Trent Walton: Paravel Inc., DesignSwap &

trentHow or where do you find inspiration?
I try and try, but more often than not, inspiration comes when I’m away from the computer. I love the design aesthetics found in old American cars, signage and print ads. The last thing I was inspired by was a rusty old 1948 Ford 8n tractor. I suppose it’s really just all about keeping your eyes open.

Who is the biggest influence on your work right now?
My friends. Getting feedback and honest critique from people who know they can level with you is key. Aside from Dave and Reagan, my Paravel cohorts, I’ve burdened Yaron Schoen, Phil Coffman, Matthew Smith and Josh Brewer with “what do you think of this?” emails and instant messages a lot lately.

Where are your “design roots”? Print or Web?
Web for sure. Print scares me because it’s so final. You sure as hell can’t FTP in and edit printed materials.

How important is it to know the history of design?
If I’ve improved over the years, I’d say that a large part of that has been through studying all the good work that’s come before. If I’m going to use a typeface, I try and learn all about it- when it was made and by whom, etc. I’m not sure it’ll necessarily make you a better designer, but I’m certain it’ll help you to make better decisions and make your process more enjoyable.

Serif or Sans?
Today, Serif… FF Meta Serif that is. I recently used it in the redesign of my blog and love it.

Do you code and design? Are you a “Hybrid”?
Yes I do. If I’m good at anything, it’s being a generalist. I love CSS and typography equally.

What’s your favorite part of the creative process?
Graph paper. Well, I suppose that would be the ‘planning’ part. Just about anything I’ve done that has amounted to anything started out on graph paper.

What makes your creative process different from everybody else?
I don’t know if I’m different from anyone else really. I’m constantly gathering new angles, directions, fonts, and color combinations- desperate to get excited about anything I can. My process is a sloppy mess, and it always changes.

What do you see as the single biggest shift in the evolution of design over the past 5 years?
CSS. It seems like every year our entire profession changes based on what we can achieve in designing for the web through CSS. Properties like @font-face, border-radius, opacity and rgba color have fundamentally changed the way I design and build for the web.

What’s the difference between User Experience and User Interface design?
Perhaps that UX defines or informs UI design

What makes one a web design professional?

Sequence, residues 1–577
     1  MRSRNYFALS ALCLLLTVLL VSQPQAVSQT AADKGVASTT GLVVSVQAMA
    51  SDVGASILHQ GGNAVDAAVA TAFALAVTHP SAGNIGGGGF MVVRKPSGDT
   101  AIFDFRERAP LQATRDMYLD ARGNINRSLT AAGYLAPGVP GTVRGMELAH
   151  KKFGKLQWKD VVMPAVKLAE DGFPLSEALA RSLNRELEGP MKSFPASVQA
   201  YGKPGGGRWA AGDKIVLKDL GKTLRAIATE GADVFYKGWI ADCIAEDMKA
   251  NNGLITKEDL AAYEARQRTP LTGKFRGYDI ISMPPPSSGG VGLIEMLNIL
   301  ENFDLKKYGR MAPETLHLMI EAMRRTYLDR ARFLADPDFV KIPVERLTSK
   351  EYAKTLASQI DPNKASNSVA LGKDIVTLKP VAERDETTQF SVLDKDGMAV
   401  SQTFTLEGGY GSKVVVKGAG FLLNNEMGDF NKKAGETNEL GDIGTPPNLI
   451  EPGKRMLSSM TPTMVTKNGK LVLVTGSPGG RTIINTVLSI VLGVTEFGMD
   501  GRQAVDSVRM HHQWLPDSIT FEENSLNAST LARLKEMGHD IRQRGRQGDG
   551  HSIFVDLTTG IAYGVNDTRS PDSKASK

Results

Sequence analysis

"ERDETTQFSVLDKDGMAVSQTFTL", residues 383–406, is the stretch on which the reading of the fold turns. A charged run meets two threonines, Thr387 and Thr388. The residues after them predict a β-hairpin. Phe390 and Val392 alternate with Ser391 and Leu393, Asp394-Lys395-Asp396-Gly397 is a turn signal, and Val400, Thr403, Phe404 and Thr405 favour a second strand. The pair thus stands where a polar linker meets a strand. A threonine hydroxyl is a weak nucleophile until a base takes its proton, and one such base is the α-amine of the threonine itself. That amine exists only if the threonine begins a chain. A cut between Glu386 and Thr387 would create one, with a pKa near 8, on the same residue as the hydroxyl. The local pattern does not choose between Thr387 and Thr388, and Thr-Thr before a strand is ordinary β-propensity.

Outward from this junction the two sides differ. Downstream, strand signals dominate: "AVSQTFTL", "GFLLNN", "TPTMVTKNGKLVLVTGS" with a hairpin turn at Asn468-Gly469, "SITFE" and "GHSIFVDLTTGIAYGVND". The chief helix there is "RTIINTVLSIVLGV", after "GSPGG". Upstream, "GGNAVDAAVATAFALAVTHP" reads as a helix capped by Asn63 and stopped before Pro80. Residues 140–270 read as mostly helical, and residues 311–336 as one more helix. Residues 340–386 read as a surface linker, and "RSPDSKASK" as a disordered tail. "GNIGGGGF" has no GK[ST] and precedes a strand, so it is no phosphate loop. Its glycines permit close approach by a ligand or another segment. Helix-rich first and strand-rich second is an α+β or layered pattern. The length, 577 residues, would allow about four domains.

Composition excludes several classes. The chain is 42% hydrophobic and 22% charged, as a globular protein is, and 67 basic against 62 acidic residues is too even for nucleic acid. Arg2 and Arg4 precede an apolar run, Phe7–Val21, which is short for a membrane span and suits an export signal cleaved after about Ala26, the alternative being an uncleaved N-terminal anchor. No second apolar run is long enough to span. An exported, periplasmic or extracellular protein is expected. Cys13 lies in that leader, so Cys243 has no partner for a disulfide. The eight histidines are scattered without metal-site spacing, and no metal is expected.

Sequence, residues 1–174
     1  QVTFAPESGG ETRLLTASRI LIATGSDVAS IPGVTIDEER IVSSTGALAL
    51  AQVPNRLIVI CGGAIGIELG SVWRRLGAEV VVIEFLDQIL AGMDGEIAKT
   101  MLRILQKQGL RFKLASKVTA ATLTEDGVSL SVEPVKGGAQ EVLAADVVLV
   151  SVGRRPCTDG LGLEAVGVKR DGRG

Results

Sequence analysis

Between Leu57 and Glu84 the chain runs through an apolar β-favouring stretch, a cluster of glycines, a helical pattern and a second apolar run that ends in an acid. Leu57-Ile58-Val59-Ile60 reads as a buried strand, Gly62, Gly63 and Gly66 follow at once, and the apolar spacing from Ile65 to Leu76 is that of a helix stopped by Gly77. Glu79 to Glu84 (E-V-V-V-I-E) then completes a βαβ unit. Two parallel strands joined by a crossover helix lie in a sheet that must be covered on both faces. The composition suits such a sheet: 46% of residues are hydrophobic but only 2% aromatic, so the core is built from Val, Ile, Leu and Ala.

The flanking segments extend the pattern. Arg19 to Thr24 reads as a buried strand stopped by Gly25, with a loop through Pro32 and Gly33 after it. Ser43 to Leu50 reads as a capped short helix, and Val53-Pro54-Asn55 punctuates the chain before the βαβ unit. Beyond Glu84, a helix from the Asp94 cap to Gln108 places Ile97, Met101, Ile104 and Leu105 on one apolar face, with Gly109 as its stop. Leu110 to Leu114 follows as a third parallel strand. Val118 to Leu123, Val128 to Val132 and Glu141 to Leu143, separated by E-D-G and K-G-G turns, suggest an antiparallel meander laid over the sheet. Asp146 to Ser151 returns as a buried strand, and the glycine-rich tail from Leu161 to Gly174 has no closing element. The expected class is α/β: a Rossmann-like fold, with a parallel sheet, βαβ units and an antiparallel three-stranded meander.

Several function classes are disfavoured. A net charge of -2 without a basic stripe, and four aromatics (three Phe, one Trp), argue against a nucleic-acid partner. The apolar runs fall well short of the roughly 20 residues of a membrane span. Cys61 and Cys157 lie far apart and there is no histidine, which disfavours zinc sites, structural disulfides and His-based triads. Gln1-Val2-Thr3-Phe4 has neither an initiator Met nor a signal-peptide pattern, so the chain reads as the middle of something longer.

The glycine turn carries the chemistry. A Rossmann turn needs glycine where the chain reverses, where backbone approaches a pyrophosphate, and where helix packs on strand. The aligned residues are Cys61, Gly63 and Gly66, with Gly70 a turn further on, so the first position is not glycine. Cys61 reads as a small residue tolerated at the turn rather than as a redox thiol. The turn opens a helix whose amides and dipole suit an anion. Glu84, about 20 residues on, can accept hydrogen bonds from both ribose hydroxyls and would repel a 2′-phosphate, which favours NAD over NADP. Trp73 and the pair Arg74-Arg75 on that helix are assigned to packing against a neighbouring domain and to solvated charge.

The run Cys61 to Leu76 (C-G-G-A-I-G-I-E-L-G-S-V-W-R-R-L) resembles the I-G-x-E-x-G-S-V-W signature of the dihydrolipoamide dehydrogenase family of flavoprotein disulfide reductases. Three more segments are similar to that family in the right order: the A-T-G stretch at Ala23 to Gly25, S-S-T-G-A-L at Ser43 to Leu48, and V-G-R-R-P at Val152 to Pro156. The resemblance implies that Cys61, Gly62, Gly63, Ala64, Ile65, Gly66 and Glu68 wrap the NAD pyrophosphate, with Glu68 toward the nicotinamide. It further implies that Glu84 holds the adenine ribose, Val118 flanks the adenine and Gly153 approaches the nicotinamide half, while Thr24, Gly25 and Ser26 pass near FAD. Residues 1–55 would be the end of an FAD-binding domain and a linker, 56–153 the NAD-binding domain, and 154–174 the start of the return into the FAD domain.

Profit and the desire to experiment and build outside of billable hours. Maybe those 2 things fight each other, but I don’t really think it’s possible to have the first without the second.

What are designers/developers doing right (or wrong) in the web 2.0 world?
The web is a medium, not a solution in itself. Throwing up a site and setting up social media accounts won’t do anyone any good without good content, design, code and online participation. If there are any shortcuts, I’ve yet to find them.

What’s your favorite flavor of design or development programs/languages?
I like pushing pixels, kerning type and agonizing over whether my line height should be 23 or 24px. I’ve also got a thing for CSS and really enjoy trying to recreate graphic design through clever stylesheet coding.

What is your favorite book?
For work, Handcrafted CSS by Dan Cederholm got me experimenting with CSS3, which has been a quality of life & work upgrade. For fun, I’m still really partial to The Chronicles of Narnia.

What is your favorite movie?
The Dude Abides.

Who is your favorite musical artist (or What musical artist are you listening to the most right now?)
I love anything that is (or sounds like it was) recorded before computers. It’s always digital this and digital that. Static and imperfections in songs calm me down and remind me to relax and let design be what it should be- Fun.

Trent Walton is founder and 1/3 of Paravel Inc., a custom web design and development shop based out of the Texas Hill Country. When he’s not working on client projects, he’s probably writing & designing articles for his blog, co-managing DesignSwap, or contributing ideas for the next edition of

1 Comment

  1. Michael Nunn

    trent Walton really knows his stuff, seen a bunch of his work before. Keep it goin Trent 🙂


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